The project focuses on the role of fractures in controlling diagenetic fluid flow in Jebel Madar (in the Foothills south of the Oman Mountains). This region provides a unique opportunity to understand the process of fracturing and fluid flow in the carapace of a salt dome. Important fluid flow within the fractures is evidenced in this region by multiple generation of calcite cements infilling the fractures, some with crystals up to 30 cm in size.
The goal is to understand the role of the history of salt emplacement in driving fluid flow in the carapace of salt domes, and to what extent this impacts on fractures and their infilling by diagenetic cements. The fundamental knowledge can then be used to improve predictions of the presence and state (i.e. filled or opened) of fractures in the subsurface around salt domes in Qatar.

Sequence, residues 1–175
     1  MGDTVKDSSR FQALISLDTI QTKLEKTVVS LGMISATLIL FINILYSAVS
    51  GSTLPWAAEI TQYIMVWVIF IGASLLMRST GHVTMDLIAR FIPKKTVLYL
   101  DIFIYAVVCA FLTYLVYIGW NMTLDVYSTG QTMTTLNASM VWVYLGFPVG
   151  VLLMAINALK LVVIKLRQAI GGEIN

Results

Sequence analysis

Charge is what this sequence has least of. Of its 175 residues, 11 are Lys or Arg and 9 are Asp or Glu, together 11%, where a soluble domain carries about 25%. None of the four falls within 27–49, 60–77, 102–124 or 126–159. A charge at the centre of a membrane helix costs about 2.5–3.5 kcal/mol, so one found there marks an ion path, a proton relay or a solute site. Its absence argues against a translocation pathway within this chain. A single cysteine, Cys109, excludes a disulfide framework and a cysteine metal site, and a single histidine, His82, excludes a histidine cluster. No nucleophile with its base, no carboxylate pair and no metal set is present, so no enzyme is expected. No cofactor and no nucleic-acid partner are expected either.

The outcrops selected are from the carapace of a salt dome, at the foothills of the Oman Mountains. The stratigraphic interval investigated are from the Lower Cretaceous.
The diagenetic aspect of this project is currently studied by Mr. Assylzhan Dauletov, who investigates metre-scale fracture related dolomite bodies, and by Mr. Harold Bradbury, who does research on the calcite and barite infillings of the fractures. Both diagenetic studies are guided by Dr. Veerle Vandeginsteand Dr. Cédric John. The structural components from this project form part of Ms Manuela Stehle's PhD study. Dr. Cédric John is the primary supervisor for this project which is done in collaboration with Prof John Cosgrove, a structural geologist at Imperial College London.